Neurophotonics

Neurophotonics refers to the scientific field that studies the interaction of light with neural tissue. This is a rapidly growing field with great potential for the development of optical diagnostic devices for a number of brain conditions.

In particular, our laboratory has focused on developing optical methods to (i) detect seizure activity; and (ii) to detect brain swelling (cerebral edema). Based on previous findings from the laboratory that indicated that there is constriction of extracellular space prior to seizure onset, Binder reasoned that the mechanism for this is likely pre-seizure astrocyte swelling and that this should be optically detectable. Indeed, we have found that there is a reduction in near-infrared (NIR) reflectance preceding seizure onset.

Figure 1. Brain surface exposed for imaging.

In separate work, we are in the process of developing methods for optical detection of brain swelling. Cerebral edema (brain swelling), an increase in brain water content, is responsible for significant morbidity and mortality in many neurological diseases, including traumatic brain injury (TBI), stroke, infection, and brain tumors. For example, following TBI, affected individuals experience delayed onset of cerebral edema which can lead to raised intracranial pressure (ICP), brain herniation, and death. Acute neurological emergencies like TBI including gunshot wounds to the head (as recently publicized with the shooting of U.S. Representative Gabrielle Giffords) require point-of-care advanced neuromonitoring devices to directly provide important real-time information about the brain to clinicians to enable them to act quickly and decisively to ensure the best outcome. It is clear that significant secondary injury to the brain would be avoided if cerebral edema could be detected early.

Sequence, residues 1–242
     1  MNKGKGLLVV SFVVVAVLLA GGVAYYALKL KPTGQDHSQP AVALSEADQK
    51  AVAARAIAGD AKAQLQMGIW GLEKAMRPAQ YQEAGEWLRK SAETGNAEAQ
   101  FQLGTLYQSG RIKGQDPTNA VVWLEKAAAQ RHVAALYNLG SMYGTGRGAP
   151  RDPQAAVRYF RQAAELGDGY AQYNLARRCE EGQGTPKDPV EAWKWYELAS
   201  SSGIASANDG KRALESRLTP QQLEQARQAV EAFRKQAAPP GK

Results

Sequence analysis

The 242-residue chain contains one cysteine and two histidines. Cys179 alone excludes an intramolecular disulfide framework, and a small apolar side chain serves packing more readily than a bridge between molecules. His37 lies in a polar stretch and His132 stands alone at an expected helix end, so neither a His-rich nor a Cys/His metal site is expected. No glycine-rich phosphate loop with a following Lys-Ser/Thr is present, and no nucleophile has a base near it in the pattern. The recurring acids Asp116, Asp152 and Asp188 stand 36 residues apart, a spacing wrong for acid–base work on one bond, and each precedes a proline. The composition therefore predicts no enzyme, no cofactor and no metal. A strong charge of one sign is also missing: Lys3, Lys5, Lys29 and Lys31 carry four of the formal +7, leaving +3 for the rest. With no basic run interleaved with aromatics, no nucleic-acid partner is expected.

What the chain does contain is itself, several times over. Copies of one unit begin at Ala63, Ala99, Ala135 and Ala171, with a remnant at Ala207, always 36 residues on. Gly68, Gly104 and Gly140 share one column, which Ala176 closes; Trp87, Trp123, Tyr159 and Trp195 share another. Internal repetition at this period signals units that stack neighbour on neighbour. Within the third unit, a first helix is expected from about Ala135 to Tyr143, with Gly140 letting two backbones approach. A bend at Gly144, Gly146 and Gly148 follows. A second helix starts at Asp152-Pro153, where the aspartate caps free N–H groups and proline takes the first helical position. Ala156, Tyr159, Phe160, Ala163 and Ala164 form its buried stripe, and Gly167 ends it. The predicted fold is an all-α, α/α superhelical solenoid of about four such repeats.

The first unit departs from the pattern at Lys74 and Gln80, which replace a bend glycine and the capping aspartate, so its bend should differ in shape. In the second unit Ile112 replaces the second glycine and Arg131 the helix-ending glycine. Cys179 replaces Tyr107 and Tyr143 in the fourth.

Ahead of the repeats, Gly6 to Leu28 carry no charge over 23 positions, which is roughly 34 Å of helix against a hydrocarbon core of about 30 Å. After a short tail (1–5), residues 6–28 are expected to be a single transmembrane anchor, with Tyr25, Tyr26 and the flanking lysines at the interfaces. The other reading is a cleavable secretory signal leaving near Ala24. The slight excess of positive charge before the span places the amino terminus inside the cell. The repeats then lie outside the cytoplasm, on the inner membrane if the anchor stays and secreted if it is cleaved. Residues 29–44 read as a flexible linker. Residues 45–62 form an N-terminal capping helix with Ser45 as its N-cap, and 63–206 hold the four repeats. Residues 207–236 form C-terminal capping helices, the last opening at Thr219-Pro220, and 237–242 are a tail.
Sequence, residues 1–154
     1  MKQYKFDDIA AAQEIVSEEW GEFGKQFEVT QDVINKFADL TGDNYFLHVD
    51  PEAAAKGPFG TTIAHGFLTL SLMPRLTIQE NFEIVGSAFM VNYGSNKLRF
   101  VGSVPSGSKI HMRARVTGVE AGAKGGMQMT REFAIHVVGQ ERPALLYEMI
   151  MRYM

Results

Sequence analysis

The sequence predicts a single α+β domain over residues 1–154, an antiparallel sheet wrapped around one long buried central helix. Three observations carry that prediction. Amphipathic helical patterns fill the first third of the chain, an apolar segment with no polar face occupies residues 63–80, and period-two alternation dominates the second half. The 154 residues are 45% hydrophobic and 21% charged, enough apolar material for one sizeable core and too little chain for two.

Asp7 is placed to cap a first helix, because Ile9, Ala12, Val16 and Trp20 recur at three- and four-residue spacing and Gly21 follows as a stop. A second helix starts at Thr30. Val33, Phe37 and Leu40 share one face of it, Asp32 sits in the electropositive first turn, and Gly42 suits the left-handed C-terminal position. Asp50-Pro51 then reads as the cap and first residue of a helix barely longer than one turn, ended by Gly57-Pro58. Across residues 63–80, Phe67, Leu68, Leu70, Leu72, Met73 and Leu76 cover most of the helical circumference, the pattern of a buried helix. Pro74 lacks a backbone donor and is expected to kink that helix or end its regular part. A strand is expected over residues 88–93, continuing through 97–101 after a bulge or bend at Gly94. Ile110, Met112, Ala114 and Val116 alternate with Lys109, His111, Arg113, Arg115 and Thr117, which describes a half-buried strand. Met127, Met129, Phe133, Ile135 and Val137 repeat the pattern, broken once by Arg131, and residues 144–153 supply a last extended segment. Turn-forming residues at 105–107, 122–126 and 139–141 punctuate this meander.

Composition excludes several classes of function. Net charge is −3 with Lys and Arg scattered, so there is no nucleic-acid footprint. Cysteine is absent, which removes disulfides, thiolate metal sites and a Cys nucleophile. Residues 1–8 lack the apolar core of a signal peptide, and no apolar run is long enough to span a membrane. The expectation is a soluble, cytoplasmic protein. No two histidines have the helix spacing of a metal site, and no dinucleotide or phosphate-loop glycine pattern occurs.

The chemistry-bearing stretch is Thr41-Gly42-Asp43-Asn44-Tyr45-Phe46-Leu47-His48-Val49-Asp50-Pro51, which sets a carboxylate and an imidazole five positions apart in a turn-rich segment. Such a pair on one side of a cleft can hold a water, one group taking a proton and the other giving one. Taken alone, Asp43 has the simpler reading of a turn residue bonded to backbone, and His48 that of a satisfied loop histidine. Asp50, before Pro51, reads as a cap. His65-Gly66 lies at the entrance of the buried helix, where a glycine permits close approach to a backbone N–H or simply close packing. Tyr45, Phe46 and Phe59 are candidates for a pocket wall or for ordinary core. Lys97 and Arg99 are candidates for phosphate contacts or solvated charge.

Figure 2. Brain cortex extracellular space stained with green fluorescent marker in vivo.

We have developed a method of detecting cerebral edema directly through the use of optics. In particular, we have discovered that the scattering of near-infrared (NIR) light is a sensitive and direct indicator of early cerebral edema. We are now expanding on our early findings to develop a usable device for clinical application. To achieve maximum temporal and spatial resolution, we are adapting optical coherence tomography (OCT), an “optical ultrasound” imaging modality, to brain neurodiagnostic evaluation for the first time.

Figure 3. Example of in vivo brain optical coherence tomography (OCT) image. Depth profiles from regions of interest can be obtained and followed in real time for changes.